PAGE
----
Source: Stein, pp. 233-6. See Appendix 2 for details.
The changes in the inspection system that were introduced by Alexander were aimed primarily at eliminating discontent and gaining the loyalty of the army. The continuation of the fundamental administrative changes implemented by Paul and the absence of additional measures to curb corruption indicates the success of these reforms in achieving their goals. The experience of the wars with France in 1799 and 1805 demonstrates the effectiveness of the inspection system in mobilizing forces in wartime. While remarkably similar in terms of mobilization of forces, these two campaigns produced very different results. While the organizational structure of the army cannot be viewed as the primary cause of the failure in 1805, organizational reforms were seen as a fundamental part of the solution. Subsequent reforms followed the example of the French who had made far-reaching administrative and organizational changes based on successful experimentation during the revolutionary period.
 Duffy, Military Experience in the Age of Reason 144; Duffy, Army of Frederick the Great pp. 54-7; Duffy, Army of Maria Theresa p. 52; P. Griffith, The Art of War of Revolutionary France,1789-1802 London, 1998, pp. 156-7.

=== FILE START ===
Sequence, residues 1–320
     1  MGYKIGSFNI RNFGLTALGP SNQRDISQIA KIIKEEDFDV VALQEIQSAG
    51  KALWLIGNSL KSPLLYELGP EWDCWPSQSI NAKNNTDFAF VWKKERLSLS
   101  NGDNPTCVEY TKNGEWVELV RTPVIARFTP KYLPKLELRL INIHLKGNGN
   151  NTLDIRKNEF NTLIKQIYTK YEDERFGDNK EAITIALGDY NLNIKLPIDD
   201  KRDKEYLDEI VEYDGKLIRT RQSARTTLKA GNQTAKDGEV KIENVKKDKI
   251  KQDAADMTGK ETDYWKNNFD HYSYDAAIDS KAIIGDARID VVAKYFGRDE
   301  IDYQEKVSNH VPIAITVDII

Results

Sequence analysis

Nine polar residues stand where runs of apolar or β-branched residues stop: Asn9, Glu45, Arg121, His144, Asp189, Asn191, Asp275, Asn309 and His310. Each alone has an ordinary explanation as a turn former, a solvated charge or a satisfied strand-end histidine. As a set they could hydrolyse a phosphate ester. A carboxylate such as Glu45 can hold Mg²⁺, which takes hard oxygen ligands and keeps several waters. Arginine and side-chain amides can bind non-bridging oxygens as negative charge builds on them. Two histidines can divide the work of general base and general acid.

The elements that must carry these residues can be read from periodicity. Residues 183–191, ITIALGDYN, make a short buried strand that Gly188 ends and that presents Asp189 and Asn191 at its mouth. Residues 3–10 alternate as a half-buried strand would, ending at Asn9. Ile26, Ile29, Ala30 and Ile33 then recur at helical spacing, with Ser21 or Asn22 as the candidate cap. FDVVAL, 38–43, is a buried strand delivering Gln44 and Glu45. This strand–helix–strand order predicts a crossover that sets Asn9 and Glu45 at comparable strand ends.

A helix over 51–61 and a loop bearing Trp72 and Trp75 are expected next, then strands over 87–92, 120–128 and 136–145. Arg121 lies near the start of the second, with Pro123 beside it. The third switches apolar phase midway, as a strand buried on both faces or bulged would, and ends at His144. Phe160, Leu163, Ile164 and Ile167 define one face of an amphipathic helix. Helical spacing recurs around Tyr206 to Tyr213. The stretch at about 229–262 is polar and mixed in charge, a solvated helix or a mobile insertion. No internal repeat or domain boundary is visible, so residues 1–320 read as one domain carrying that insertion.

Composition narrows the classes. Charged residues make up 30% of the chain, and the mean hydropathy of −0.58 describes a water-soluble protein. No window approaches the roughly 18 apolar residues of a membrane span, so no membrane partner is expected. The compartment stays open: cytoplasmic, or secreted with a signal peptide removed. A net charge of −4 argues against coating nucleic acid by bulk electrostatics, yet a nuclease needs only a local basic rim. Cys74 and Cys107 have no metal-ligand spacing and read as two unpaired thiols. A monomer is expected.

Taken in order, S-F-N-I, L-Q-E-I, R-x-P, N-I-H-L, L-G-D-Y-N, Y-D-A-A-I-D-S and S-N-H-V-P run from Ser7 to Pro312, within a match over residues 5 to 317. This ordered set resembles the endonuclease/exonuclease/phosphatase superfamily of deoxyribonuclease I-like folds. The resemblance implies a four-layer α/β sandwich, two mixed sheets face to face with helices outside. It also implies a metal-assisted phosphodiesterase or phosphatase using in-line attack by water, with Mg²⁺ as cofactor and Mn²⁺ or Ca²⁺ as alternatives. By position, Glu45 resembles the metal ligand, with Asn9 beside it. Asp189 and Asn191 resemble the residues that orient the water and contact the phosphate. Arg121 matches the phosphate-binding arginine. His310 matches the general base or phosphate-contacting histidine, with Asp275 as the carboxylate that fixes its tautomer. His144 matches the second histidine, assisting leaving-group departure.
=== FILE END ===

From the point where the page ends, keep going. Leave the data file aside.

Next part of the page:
Duffy, Russia’s Military Way p. 126; Duffy, Military Experience in the Age of Reason p. 182.
 Divisions seem to have been also identified by number. Suvorov assumed command of the 6th (Moscow) division in 1784. Longworth, Art of Victory p. 131.
 Nafziger, Russian Army I, p. 5; Keep, pp. 276-8.
 F. Stein, Geschichte des Russischen Heeres Hanover, 1885, pp. 141, 165, 172; Keep, p. 279.
 Duffy, Russia’s Military Way p. 181; Duffy, Army of Frederick the Great p. 147; Keep, p. 178.
 Duffy, Russia’s Military Way p. 198; Keep, p. 176.
 Ibid; p. 203.
 Nafziger, Russian Army I, p. 8. Viskovatov, Historical Description of the Clothing and Arms of the Russian Army: The Organisation of Regiments during the Reign of Tsar Paul, 1796-1801 Woking, Surrey, England, 1999, pp. 8-21.
 The assignment of shef seems to have occurred at the same time as the change in regimental name from the traditional territorial name to the name of the shef. Duffy, Russia’s Military Way p. 204. Viskovatov, 1796-1801, pp. 7-21, 23-9.
 The Corps of Condé was comprised of a grenadier regiment (Régiment des grenadiers de Bourbon), two musketeer regiments (Régiment Noble a Pied de Conde and Régiment de Durand, formerly Hohenlohe) and two regiments of dragoons (Régiment des dragons d’Enghien and Régiment Noble a Cheval de Berry). Stein, pp. 215-6; R. Grouvel, Les Corps de Troupe L’Émigration Française II, Paris, 1961, pp. 15-17.
 Viskovatov, Paul p. 21.
 A. V. Viskovatov, Historical Description of the Clothing and Arms of the Russian Army: Volume 10a, Organization 1801-1825 Eatontown, NJ, 1993, pp. 11-13; Stein, pp. 232-6, 248-9.
 Viskovatov, 1801-25 pp. 11-13.
Placed on the Napoleon Series: January 2002